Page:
Governments of “experts” proposed in Italy and Greece could be good at taking emergency decisions, but would deepen European citizens’ diffidence towards ever more indirect democracy. To avoid this, politics must reclaim its role.
The proposal – since withdrawn – by outgoing Greek Prime Minister George Papandreou for a popular referendum on austerity policies mandated by the European Central Bank definitively underlined that the real problem regarding the rescue of the euro is far more political than economic, and that the consensus of Europe’s citizenry will be required sooner or later.
In Europe, referenda have unfortunately shown that the citizenship of individual states are often reluctant to become European citizens. Take Denmark in 1992, when the Maastricht Treaty was voted down; or France and the Netherlands in 2005, which both rejected the draft of the European Constitution. Also worth remembering was Ireland’s initial 2008 refusal of the Lisbon treaty.
The real political crisis today concerns models of indirect democracy. They give citizens only the right to vote, while delegating all decisions to elected politicians.
These elected officials, wherever one turns, seem incapable of making decisions for the common good.
The State is the coldest of all monsters
Instead, they are the passive subjects of lobbyist pressure in a heavy atmosphere of corruption and defend various vested interests in such a way as to make both majority and minority unavailable to indispensable mediation.
But when citizens feel that the tone of their lives and the premises of personal freedom are being jeopardized by political shortcomings, violent reactions emerge, which unsettle the functioning of states themselves.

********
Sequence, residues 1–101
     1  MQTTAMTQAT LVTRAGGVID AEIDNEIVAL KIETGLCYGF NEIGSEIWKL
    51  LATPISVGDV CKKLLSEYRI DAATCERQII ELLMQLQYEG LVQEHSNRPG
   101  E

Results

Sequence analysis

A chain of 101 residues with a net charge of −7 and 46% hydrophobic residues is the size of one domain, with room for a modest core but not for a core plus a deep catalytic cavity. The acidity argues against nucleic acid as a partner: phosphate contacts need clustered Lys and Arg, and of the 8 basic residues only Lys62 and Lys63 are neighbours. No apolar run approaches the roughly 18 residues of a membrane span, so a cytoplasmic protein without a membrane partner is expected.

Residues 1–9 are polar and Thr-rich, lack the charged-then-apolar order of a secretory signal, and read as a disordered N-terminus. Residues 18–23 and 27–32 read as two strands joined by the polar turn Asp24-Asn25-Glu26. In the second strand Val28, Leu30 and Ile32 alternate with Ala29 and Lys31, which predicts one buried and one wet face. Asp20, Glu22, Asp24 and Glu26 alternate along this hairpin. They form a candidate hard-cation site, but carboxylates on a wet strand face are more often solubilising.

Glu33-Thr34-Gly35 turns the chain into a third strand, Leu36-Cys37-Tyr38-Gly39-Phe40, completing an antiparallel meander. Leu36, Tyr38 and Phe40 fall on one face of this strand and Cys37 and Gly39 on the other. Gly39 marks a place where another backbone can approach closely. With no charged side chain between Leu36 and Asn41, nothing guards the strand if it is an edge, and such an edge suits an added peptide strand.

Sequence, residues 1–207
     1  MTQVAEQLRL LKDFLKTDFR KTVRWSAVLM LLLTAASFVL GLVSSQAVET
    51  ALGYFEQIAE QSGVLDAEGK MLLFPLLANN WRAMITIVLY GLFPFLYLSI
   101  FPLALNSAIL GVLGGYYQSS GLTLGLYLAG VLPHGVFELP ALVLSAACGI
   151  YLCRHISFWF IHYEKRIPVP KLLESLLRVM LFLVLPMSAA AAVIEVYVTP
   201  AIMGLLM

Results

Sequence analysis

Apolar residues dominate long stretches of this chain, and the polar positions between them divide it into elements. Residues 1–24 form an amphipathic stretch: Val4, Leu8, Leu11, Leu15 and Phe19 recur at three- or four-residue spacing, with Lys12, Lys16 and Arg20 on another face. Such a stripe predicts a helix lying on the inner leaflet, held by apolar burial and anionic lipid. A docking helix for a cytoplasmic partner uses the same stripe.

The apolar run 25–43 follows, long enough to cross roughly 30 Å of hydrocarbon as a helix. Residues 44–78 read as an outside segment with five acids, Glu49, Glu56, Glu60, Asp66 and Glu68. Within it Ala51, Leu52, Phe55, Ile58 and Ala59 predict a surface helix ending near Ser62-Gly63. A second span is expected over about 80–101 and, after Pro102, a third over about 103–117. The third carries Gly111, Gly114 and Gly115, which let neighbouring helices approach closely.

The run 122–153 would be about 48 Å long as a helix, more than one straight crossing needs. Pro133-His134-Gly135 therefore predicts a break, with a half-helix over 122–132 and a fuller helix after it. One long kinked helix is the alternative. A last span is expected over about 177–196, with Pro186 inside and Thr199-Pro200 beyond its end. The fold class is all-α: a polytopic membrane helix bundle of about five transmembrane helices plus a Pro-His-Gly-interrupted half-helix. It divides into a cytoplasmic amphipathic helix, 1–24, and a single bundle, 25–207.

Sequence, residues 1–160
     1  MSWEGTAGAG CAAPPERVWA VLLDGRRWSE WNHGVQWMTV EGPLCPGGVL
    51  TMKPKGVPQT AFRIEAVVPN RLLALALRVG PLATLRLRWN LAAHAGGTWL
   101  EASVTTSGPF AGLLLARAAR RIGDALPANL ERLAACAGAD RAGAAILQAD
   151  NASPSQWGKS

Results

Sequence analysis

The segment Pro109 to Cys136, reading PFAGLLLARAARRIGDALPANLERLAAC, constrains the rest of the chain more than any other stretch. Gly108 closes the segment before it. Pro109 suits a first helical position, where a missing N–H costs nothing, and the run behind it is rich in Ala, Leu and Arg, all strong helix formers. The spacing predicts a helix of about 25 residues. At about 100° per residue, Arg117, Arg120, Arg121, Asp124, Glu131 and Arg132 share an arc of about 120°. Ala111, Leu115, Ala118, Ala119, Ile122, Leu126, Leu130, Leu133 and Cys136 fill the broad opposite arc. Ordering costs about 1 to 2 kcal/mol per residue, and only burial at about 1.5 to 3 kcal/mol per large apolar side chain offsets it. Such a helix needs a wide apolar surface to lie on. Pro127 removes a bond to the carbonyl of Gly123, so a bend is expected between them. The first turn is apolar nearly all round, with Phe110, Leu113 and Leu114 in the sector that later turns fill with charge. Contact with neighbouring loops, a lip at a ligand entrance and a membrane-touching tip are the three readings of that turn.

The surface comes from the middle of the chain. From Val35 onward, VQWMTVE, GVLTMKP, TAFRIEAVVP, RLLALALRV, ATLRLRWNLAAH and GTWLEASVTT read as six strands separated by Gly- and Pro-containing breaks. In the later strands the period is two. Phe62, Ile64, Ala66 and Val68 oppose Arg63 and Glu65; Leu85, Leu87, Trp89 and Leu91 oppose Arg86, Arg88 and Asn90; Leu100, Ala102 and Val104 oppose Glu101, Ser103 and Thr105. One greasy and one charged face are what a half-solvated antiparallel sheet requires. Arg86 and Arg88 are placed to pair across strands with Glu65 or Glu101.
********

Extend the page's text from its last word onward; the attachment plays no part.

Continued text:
As a result, Nietzsche’s thinking makes its way to the forefront. In his masterpiece, Thus Spoke Zarathustra, he wrote: “The State is the coldest of all monsters. It lies coldly; from its mouth comes this lie: I, the State, am the people.”
Moreover, according to Kelsen, only in direct democracies is the social order actually created by the holders of political rights, who exercise their will in popular assemblies that are held, as they once were at the beginning of Athenian democracy, in the Agora.
This same principle helped inspire the Occupy Wall Street movement as well as the nonviolent “Indignadosé movement the world over, focused at the moment on Greece. In the scheme of things, this is the real revenge of the Agora.
Even more serious is that fact that the ECB (or the International Monetary Fund) are now dictating the rules and regulations of austerity policies without ever having been conferred the sovereignty to do so. This anomalous (technocratic?) control over the economies of member states can yield three possible outcomes.
The Agora vendetta
The first, and by far the most troubling, is that a number of states are forced to leave the eurozone, creating the kind of global financial chaos that is feared, as President Barack Obama noted during the G20 meetings, even by the United States, a country that for nearly identical reasons finds itself in serious trouble.
The second consists, unimaginably, of a euro cut in two, with the stronger half belonging to those states with more ordered economies, such as Germany and northern European countries; and the weaker half tied to the countries of southern Europe, at risk of default.
The third hypothesis would resolve all the current problems. It calls for working to complete Europe’s original political design, as a “free and united” entity, to paraphrase the Athens Manifesto. This in fact was the intention of Europe’s founding fathers.
Reaching this goal means that blind financial-technocratic governance, which so far has produced nothing but inequalities among the citizens of individual member states, yields the playing field to politics, which uses deliberated democracy to create a truly European citizenry to which all people belong, based on the values of parity and equality that I’ve already spoken of repeatedly.
This is the only solution that avoids “the Agora vendetta” and the only one that abolishes the disparities among the citizens of member states and that consolidates, in the context of a federal Europe, an authoritative and non-dispersive presence.
Such a Europe, along with the United States, China, and emerging nations, could sit down at a table and lay down new rules to fend off and fight the disasters and anxieties that the process of globalization has created.
Translated from the Italian by Christopher P. Winner